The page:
"Mixed Kebab" takes on a host of issues: Gay social and religious equality, the thorny question of immigration, and religious fundamentalism. Above all, it’s a film about divided identities--personal, familial, national, and ethnic.
Ibrahim (Cem Akkanat) muses, as the movie begins, that he is both Belgian and Turkish; both Ibrahim and Bram, depending on who’s addressing him and in what context. What is not ambiguous is his sexuality. "I’m gay," Ibrahim states, and that would be that except for his fear of coming out to his family. Because he is reluctant to do so, Ibrahim faces an arranged marriage with his first cousin, Elif (Gamze Tazim), who lives in Turkey but who can’t wait to get out and move to Belgium with her husband-to-be.
That doesn’t sit well with Elif’s boyfriend, Yusuf, who happens to work at the hotel where Ibrahim is staying with a male friend, Kevin (Simon van Buyten). When he spies the two men sleeping in the same bed, Yusuf snaps a few photos on his cell phone. Later, peeking on the two in the hotel’s steam room as they engage in some heavy petting, Yusuf takes a few more candid shots.
Yusuf’s attempt at breaking up the engagement doesn’t work, but Elif’s use of the photos as leverage to coerce Ibrahim to bankroll her love of shopping does; returning to Belgium with Kevin in tow, Ibrahim is determined to break it off. It’s only a question of when and how to announce this to his parents.
In the event, Ibrahim’s younger brother Furkan (Lukas de Wolf) is the bearer of the tidings. Furkan has been in something of a tailspin, first cutting school and swaggering around the neighborhood like a budding young tough, and then joining up with a radical mosque intent on bringing Sharia law to Belgium. With his father’s enraged disownment of Ibrahim, Furkan enjoys a brief moment of vindication--until the response from the Muslim community to news of his brother being gay makes a hard situation worse for his parents. At that point, Furkan starts to contemplate an honor killing.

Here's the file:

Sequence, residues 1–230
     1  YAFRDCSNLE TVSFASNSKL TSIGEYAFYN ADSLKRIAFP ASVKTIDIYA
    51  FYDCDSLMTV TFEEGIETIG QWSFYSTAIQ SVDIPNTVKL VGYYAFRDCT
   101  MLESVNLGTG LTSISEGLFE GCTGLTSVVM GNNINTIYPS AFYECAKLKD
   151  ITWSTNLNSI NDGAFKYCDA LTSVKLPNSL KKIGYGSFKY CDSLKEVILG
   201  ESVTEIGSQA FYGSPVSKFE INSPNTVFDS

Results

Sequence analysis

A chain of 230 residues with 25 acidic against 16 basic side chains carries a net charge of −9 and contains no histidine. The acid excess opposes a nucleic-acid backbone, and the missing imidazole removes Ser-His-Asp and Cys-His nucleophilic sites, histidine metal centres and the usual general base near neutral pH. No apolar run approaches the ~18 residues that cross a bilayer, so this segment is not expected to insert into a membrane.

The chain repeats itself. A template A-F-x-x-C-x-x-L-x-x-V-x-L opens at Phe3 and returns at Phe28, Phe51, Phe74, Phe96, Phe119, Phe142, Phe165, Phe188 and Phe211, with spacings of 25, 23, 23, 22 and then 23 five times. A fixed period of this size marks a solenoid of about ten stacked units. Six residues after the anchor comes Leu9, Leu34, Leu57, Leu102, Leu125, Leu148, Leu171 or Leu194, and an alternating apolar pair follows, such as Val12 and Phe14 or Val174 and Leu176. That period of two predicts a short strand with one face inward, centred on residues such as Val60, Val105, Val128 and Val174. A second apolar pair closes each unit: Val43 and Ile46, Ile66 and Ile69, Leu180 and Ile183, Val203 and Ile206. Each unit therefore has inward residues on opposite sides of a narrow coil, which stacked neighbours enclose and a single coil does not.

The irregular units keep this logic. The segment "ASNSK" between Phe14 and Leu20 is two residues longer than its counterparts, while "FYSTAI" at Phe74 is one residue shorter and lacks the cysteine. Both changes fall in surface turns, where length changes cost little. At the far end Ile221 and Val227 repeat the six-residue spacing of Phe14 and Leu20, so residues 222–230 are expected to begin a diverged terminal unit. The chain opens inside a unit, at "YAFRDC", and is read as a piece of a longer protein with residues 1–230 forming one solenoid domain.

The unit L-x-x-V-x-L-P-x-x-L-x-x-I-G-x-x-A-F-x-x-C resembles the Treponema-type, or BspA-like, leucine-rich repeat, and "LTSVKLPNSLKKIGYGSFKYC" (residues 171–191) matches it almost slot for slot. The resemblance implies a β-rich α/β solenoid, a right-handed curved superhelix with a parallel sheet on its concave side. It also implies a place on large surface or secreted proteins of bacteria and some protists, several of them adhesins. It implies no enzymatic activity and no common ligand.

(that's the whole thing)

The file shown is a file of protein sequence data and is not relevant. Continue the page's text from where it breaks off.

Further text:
The theme of being caught between cultures is hardly new, but "Mixed Kebab" underscores this by observing the ways in which people long for what they do not have; not just integrated identities, but other lives, better lives, something other than the life they live. Kevin and his mother, Marina (Karlijn Sileghem) hope one day to move on from the cafe they run to the South of France, where they envision owning a B and B; Elif can’t stand the provincial ways of her native country; even Furkan is forever looking for something different, whether it’s to defy his father, win his affection, or replace him entirely with fundamentalist imams. Only Ibrahim stands up to declare that he’s going to live his own life as he sees fit; the movie may work out a little too neatly in his favor, but then that’s what films are for.